This weekend was highly productive. We set out on a mission to bake up a batch of Stef's favorite Sardinian sweet: the papassini. And oh boy, does he take this very seriously. The process started out a month ago while we were in Sardinia. We had to go to this special store in Sassari called a drogheria. (I just looked it up and it means 'grocery store'). This place looked about 100 years old, and inside we picked up some special 'secret' ingredients that can't be found outside of Sardinia. It just so happened that when we arrived in Sassari that afternoon, we found all the shops closed for the afternoon until 5pm. It was too far to the beach and so we ended up sitting on a bench outside for an hour or so waiting for the store to reopen.

Ok, so about the 'secret' ingredients. This recipe is from his grandmother in Sardinia, and he's guarding it like it's National Security. I'm not even supposed to look at the actual recipe, although I did sneak a peek here and there. hehe... Anyway, since I can't spill the beans, I'll just give a rough account what went on.

First, chop the nuts - almonds and walnuts. If you're fanatic, do it by hand. Otherwise, throw them in a food processor.

Mix the flour with eggs, sugar, lard and baking powder to form a dough. Add in chopped nuts, raisins, orange rind, anise, and some other 'secret' ingredients. Lay to rest for a couple hours.

Resume preparations by rolling and cutting out the dough. Bake in the oven for 10 minutes. Let cool overnight.

Now they are ready for the glace topping. Prepare glace with sugar, water and egg white.

When the consistency is just right, spread on each cookie carefully and sprinkle with silver and multicolor dragees (sprinkles) .

Now allow for the glace topping to dry out. Look at them and wait patiently, wondering when these papassini can finally be eaten!!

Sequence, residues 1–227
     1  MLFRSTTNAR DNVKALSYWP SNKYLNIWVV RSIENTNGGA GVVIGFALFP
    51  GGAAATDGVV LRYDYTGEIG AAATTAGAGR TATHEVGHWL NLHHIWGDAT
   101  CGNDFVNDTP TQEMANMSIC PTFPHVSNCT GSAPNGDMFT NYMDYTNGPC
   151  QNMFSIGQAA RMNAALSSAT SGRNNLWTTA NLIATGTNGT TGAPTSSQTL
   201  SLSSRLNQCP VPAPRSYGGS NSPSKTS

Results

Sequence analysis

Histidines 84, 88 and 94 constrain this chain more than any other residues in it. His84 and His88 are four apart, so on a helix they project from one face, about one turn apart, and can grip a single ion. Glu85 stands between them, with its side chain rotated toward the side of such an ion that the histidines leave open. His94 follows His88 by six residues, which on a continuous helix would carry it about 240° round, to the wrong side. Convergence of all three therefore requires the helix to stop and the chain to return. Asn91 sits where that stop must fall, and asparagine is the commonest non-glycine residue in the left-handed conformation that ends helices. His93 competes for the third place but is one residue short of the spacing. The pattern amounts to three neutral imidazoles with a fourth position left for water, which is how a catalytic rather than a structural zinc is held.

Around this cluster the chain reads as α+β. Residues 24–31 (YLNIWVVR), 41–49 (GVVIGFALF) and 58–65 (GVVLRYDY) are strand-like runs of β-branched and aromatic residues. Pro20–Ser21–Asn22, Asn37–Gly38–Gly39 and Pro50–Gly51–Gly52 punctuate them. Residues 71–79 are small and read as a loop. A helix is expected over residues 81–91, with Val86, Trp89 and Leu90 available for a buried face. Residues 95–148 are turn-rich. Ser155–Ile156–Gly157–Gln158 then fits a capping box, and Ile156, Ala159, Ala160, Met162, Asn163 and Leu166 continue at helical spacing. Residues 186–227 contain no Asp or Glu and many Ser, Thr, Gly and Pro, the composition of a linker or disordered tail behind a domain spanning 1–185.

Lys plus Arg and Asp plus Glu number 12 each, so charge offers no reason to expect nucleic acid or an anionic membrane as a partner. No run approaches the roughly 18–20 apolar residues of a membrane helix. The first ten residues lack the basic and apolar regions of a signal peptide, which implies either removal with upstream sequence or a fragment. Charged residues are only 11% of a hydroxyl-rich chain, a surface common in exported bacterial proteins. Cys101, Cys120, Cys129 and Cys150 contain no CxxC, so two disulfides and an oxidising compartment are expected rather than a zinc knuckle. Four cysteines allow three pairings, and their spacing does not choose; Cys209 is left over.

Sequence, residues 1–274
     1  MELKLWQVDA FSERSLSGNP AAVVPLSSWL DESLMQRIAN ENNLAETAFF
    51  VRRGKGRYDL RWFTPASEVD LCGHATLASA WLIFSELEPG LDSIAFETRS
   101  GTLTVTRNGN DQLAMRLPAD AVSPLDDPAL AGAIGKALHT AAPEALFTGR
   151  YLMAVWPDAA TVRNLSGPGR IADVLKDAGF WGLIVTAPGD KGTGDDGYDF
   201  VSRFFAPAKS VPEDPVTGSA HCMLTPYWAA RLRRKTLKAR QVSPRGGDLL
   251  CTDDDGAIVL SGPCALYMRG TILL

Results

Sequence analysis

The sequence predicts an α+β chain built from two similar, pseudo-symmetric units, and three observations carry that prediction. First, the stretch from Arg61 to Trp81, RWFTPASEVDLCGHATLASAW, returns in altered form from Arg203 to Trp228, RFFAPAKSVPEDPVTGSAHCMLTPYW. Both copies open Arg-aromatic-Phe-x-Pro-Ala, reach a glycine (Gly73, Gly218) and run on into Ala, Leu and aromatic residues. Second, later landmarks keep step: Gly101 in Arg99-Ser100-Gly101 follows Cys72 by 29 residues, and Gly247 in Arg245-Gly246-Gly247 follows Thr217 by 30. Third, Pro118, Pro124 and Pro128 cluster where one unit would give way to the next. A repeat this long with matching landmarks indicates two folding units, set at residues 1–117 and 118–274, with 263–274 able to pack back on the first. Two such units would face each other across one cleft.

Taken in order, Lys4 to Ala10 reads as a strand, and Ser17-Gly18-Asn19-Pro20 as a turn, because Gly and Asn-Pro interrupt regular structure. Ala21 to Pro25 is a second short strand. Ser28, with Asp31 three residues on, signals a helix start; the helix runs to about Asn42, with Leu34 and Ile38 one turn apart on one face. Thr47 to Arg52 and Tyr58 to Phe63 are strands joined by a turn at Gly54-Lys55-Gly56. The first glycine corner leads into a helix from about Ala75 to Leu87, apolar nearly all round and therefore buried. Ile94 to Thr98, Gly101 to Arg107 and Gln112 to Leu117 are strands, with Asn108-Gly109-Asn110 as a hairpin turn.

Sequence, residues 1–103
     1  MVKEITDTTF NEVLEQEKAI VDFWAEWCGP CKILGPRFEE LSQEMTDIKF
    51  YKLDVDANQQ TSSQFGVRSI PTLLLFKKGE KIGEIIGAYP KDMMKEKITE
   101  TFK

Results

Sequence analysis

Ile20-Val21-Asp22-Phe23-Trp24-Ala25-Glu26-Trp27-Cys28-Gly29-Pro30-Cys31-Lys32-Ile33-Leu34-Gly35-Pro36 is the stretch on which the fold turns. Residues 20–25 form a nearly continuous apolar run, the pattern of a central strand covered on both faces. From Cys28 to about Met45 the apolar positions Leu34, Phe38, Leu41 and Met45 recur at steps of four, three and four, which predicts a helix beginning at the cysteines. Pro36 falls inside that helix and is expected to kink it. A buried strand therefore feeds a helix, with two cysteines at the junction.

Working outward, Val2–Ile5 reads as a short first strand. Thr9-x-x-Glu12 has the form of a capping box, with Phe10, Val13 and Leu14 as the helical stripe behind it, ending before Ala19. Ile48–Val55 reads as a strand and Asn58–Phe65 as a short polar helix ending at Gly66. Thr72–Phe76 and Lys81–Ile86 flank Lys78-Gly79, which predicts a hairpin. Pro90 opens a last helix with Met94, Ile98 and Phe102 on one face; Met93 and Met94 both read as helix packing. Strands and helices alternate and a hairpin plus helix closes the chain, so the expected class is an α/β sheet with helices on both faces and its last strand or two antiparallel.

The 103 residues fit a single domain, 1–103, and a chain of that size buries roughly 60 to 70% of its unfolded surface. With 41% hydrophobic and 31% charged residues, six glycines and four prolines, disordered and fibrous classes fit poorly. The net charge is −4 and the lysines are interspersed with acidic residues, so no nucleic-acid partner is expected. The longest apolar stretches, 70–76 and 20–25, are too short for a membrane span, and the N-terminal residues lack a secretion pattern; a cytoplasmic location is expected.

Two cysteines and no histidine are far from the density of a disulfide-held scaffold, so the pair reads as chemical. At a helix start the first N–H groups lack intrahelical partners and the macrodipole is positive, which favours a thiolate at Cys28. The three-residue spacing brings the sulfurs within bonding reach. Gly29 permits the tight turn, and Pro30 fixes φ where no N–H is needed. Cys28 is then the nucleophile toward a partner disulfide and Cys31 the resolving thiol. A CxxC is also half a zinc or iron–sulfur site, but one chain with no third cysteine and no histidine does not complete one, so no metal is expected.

Saturday, October 20, 2007

More Hunting in the Woods...

Since we're on the hunting theme, look what Stef's mom found in the woods this week.

Pretty impressive, huh? She's pretty proud of her find. It's hard work too. She spent 2 days hiking with her friend hunting for mushrooms. I'm not sure how they know which ones can be eaten and which ones are not. But I'm told they've been doing this for years.

They tasted pretty good in the tomato sauce with pasta at lunch today.

Chestnuts in the Fall

This happened a couple weekends ago. I was sure I made a post about the castagne, but it's lost! It was chestnut season and the woods next to Stef's home was full of chestnuts that had fallen from the trees. We went out for an hour each on Saturday and Sunday and just picked up a bunch. Two hours and we had about 11kg (~22 lbs) of chestnuts, ready to pass out to our colleagues at work the next day.

Well, not so quick. In order to preserve chestnuts to eat in the next days, they must be made perfectly dry after they come out of their husk. Any maggots that are inside will come out and not spoil the rest. We had to inspect each one for holes before putting them in bags.

What can you do with these chestnuts? We cut slits into each one and roasted them on top of the wood stove in the kitchen. You can also cook it over an open fire using a special pan that has holes in it. Or you can boil them in water. According to his mother, back in the day, it was just chestnuts and water for dinner.